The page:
We can't wait
Gears of War
By now, we've all seen the jaw-dropping trailer, but we can't wait to get our hands on this festival of frags. Just the thought of burying the end of our chainsaw-gun into the face of a formerly subterranean dwelling Locust monster has our fingers twitching with anticipation. Being able to share the bloodletting with online friends in a little co-op play only makes the prospect of eviscerating Locusts more
Given the long wait since the city-building simulation SimCity 4 (and especially given that series creator Will Wright is sealed up in a bunker somewhere obsessively laboring on his next game, Spore), it was inevitable that somebody somewhere would jump in and try fill that niche. After all, there's no denying the fun of ruling the lives of an entire municipality's worth of little, virtual people. Whether or not City Life can fill the legendary SimCity's shoes remains an open question, of
Thursday 20 April 2006
For a game most often name-checked for its menu system, Secret of Mana always had a wealth of other pleasures to offer, from its lush environments to its absorbing combat and its engaging story.
And, at first sight, Children of Mana looks set to top it, with sumptuous locations and rambunctious, punchy action. But there's a caveat: this isn't an adventure.
There's no story, no towns to explore, no elemental powers to unlock. A pure dungeon crawl, Children of Mana limits
For a game most often name-checked for its menu system, Super Nintendo classic Secret of Mana always had a wealth of other pleasures to offer, from its lush environments to its absorbing combat and engaging story.
And, at first sight, Children of Mana looks set to top it with sumptuous locations and rambunctious, punchy action. But there's a caveat: this isn't an adventure.
There's no story, no towns to explore, no elemental powers to unlock. A pure dungeon crawl, Children of Mana limits its
There's nothing quite like skulking around the dark, armed with a 2x4 embedded with rusty nails, swiping at shadows of homicidal junkies. In other words, there's nothing quite like the visceral horror of Condemned: Criminal Origins, headed to PC in mid-April.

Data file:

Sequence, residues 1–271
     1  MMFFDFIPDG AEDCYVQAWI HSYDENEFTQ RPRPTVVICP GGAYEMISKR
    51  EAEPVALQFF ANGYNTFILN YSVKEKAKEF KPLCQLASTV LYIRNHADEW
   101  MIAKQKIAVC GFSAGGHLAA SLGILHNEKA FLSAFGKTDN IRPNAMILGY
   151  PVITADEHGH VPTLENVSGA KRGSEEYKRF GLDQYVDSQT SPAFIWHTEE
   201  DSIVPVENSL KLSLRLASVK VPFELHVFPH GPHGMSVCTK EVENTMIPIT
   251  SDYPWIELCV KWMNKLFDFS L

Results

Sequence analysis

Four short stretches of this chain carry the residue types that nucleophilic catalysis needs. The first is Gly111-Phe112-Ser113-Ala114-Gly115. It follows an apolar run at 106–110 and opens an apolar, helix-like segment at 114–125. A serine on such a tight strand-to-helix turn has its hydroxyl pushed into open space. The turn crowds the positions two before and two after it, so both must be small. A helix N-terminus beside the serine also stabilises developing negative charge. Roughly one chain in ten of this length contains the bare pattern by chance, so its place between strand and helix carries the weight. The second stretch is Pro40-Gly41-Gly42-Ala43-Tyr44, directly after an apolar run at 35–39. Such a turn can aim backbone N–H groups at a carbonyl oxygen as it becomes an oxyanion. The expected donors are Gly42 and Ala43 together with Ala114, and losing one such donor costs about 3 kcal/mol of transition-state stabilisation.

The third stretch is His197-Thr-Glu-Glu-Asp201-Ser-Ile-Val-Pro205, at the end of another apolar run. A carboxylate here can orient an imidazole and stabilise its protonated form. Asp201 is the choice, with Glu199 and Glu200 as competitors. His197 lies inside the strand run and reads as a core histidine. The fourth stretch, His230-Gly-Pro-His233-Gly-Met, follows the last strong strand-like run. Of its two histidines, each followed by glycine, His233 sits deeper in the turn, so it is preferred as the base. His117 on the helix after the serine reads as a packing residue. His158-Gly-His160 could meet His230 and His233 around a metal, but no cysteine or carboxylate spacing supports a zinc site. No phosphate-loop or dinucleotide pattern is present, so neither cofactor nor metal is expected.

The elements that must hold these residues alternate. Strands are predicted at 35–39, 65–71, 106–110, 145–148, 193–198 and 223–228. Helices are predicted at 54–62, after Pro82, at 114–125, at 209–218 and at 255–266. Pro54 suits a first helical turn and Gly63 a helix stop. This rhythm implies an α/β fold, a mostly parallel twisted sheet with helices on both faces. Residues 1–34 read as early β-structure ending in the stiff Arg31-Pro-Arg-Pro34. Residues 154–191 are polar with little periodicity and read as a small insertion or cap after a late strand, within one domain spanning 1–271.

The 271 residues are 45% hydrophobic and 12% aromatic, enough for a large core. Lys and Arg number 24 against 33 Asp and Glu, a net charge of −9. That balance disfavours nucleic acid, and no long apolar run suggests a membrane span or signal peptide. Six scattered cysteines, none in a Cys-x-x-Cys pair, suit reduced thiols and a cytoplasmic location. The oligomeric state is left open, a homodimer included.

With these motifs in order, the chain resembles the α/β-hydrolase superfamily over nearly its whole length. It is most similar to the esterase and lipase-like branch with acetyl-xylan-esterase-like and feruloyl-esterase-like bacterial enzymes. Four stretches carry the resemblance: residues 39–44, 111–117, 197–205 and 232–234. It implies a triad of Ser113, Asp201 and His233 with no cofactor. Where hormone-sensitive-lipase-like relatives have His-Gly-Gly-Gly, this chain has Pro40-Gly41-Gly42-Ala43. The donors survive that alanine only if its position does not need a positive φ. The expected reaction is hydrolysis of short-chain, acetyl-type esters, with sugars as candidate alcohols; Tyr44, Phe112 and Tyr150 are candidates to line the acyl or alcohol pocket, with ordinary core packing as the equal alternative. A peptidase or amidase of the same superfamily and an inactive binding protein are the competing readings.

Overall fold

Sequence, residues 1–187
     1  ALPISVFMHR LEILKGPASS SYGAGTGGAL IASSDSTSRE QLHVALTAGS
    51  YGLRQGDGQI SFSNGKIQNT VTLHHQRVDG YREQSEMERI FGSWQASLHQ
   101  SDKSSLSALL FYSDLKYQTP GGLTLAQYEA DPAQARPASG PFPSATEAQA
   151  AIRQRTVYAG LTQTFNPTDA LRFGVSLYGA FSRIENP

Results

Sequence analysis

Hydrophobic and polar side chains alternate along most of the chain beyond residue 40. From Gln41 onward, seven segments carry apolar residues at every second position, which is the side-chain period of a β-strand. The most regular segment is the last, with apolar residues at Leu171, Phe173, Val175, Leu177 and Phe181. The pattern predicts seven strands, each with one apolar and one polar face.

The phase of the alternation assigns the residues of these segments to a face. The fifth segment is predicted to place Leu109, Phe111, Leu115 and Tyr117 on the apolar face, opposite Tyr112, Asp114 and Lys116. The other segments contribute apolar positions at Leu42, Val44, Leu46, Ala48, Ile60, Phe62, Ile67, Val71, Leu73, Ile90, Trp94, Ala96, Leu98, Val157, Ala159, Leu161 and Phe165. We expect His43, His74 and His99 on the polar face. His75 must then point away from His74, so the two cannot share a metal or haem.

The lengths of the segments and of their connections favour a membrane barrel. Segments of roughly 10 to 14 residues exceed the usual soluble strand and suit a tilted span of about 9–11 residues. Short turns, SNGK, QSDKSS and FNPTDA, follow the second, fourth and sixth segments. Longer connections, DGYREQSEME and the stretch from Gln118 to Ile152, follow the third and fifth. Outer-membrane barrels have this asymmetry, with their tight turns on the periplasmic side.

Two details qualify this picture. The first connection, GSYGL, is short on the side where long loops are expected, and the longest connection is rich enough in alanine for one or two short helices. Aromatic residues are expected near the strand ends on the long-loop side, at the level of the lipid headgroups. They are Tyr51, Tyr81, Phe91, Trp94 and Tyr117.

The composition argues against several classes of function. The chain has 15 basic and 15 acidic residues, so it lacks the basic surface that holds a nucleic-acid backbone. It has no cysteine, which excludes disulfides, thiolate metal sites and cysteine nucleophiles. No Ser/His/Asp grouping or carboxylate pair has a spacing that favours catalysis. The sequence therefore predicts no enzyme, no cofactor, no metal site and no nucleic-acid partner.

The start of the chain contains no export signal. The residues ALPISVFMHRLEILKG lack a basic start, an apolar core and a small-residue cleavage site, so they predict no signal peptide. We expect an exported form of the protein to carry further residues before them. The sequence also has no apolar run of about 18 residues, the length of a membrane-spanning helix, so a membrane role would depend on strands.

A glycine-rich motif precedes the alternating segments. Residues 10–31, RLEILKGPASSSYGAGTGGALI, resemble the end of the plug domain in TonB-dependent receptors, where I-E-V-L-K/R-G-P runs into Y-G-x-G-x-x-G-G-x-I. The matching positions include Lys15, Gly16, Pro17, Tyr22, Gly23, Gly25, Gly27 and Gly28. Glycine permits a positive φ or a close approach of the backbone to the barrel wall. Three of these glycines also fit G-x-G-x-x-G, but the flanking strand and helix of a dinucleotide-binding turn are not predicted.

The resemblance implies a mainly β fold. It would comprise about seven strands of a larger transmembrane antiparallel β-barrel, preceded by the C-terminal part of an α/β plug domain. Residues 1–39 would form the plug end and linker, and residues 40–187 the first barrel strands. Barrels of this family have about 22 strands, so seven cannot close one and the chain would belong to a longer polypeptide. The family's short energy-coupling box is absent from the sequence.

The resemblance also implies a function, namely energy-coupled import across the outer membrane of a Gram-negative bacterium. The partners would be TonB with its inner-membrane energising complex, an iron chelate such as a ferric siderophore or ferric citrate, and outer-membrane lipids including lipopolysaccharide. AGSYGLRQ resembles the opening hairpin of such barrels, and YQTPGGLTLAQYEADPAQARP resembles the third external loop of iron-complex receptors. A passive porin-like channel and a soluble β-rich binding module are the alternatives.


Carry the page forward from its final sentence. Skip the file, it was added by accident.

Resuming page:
Already a success on Xbox 360, Condemned puts you in the flat feet of an FBI detective, investigating a serial murderer. But this is no glossy X-Files assignment; you'll stalk the stalker yourself, digging through abandoned apartments,
It's rare when the most straightforward thing you can say about a game is that it's a collaboration between the people who made farming-sim Harvest Moon and the messed up minds behind the blood-soaked thriller Killer 7. If you've never played either of those - and we wouldn't be shocked - just imagine David Lynch directing the cast of The Wizard of Oz in SAW III. It's that jarring a collaboration. But no matter how strange the game you're currently imagining (a seed propagator stuffed with
Friday 7 April 2006
It's rare when the most straightforward thing you can say about a game is that it's a collaboration between the people who made Harvest Moon and the people who made Killer 7. But no matter how strange the game you're currently imagining - a seed propagator stuffed with severed heads, maybe? - it won't be quite as original as Contact's set-up.
A mysterious professor, fleeing some more mysterious pursuers, is contacted by a yet more mysterious intelligence through the means
Memories of bushwhacking through tropical blast-a-thon Far Cry's tangled jungles and (sometimes) outdoing the whip-smart AI make us go all gushy inside. However, those fondly recalled moments of 2004's best pure shooter took a beating when we watched the first video of developer Crytek's latest effort: Crysis. Graphically speaking, the jungle shooter Far Cry seemed too big for its britches when it was released, but seeing Crysis in action makes Far Cry seem like a crudely drawn cartoon by
• Crysis tech movie (WMV, 51.2MB) - right-click to download
Wednesday 29 March 2006
When Crysis - the next project from acclaimed Far Cry developer Crytek - was announced recently it immediately roused our interest. But now that publisher EA has showered us with a bounty of glorious images and an astonishing movie - which you can see by clicking the link at the top of the page - that shows off the game's technical wizardry, we're practically overflowing with excitement.
Touted as a
Right now, we'll tell you this one sounds like it's for the niche RPG crowd. While traveling through space, "The Professor's" ship crashes on an unknown planet. Pieces of the ship's power source, called Cells, have been scattered across the alien world. It's up to you to scour the planet, fight off monsters and get those pieces back before some mysterious rival organization yanks them first.
Anyone familiar with the always-quirky nature of lighthearted RPGs will read that plotline and take it